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Celebrate Solutions: Community educators change perceptions of child marriage in Yemen

By: Rati Bishnoi, Special Projects Intern at Women Deliver

yemengirls.jpgNearly one-half or 48 percent of girls in Yemen are married by the age of 18 years old, with 14 percent married by the time they turn 15 years old. In addition, it is common for girls in remote areas to be betrothed as young as 9 years old and for 57 percent of girls living in poverty to be married age 18. Read more...

G8 Leaders Recommit to Improve Maternal Health and Reduce Child Mortality

The 37th G8 Summit was held in Deauville, France from May 26-27, 2011. The three priorities of the French Presidency of the G8 Summit were the internet and green growth, international peace and security and partnership with Africa. Though health was not a priority of the G8 this year, the Deauville statement reaffirmed a commitment to improving maternal health and reducing child mortality, most notably through the Muskoka Initiative for Maternal, Newborn and Child health launched in 2010. Read more...

Celebrate Solutions: Free caesarean policy increases utilization in Mali, but challenges remain

By: Rati Bishnoi, Special Projects Intern at Women Deliver

Mali_mother.jpgThe government of Mali in 2005 began offering free caesarean sections in public hospitals, health clinics, and army hospitals. The policy change was driven by the reality that high maternal costs often prevent women from giving birth in health care facilities—and catastrophic costs, such as for caesareans, have the “potential to plunge a household into poverty.” Six years later, the policy is associated with a steady increase in caesarean rates, a drop in maternal and neonatal mortality, and a rise in institutional deliveries in the West African nation, according to a recent report by USAID’s Health System 20/20. Read more...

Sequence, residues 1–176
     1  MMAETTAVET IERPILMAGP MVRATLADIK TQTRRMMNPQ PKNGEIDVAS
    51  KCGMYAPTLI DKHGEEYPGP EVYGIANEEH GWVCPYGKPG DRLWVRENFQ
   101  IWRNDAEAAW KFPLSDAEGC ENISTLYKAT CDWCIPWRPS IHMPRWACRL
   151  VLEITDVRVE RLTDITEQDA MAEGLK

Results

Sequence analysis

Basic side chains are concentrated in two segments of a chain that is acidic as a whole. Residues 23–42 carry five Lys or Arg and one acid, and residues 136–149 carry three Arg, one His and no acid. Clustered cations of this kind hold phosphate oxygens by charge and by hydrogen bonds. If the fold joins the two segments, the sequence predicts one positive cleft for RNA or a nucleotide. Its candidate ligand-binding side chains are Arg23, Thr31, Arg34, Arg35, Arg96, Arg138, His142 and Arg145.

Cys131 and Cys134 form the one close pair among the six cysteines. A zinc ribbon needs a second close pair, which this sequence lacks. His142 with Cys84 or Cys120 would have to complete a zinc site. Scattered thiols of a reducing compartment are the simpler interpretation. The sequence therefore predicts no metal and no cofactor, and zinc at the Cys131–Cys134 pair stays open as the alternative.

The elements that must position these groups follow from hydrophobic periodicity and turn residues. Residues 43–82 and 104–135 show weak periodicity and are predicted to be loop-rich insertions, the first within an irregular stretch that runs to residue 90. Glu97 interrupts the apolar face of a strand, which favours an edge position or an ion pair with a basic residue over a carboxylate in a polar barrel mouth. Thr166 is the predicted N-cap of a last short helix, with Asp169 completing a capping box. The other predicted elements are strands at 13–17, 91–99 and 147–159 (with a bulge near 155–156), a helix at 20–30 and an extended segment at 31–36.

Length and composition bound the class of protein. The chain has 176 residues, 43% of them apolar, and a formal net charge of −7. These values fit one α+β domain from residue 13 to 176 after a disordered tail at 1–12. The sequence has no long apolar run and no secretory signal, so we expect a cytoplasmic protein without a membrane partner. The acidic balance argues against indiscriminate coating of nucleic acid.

Delivering Real Results and Resources for Girls and Women

By: Jill Sheffield, President of Women Deliver

Last week, the UN Commission on Women and Children’s Health released the final report, “Keeping Promises, Measuring Results,” with recommendations that will serve to hold countries and organizations accountable for the commitments they make to save the lives of girls, women and children around the world. I am honored to have been a part of this Commission. The brief and intense process has produced an accountability framework to deliver real results and resources for girls and women through monitoring, review and action. Read more...

Live From Kenya: Equal Treatment at Birth

By: Rachel Cernansky, winner of the Women Bloggers Deliver contest

In rural Kenya, a majority of women give birth at home and without a skilled attendant--often because hospitals, and the transportation to even get to a hospital, are simply too expensive and inaccessible for so many women.

Now imagine the situation for HIV-positive women, who should give birth by C-section to reduce the risk of transmission from mother to child. According to the Ministry of Health, only 65 percent of hospitals in the country provide that procedure. It's also more expensive, so even if it's locally available, it's not always a realistic option. Read more...

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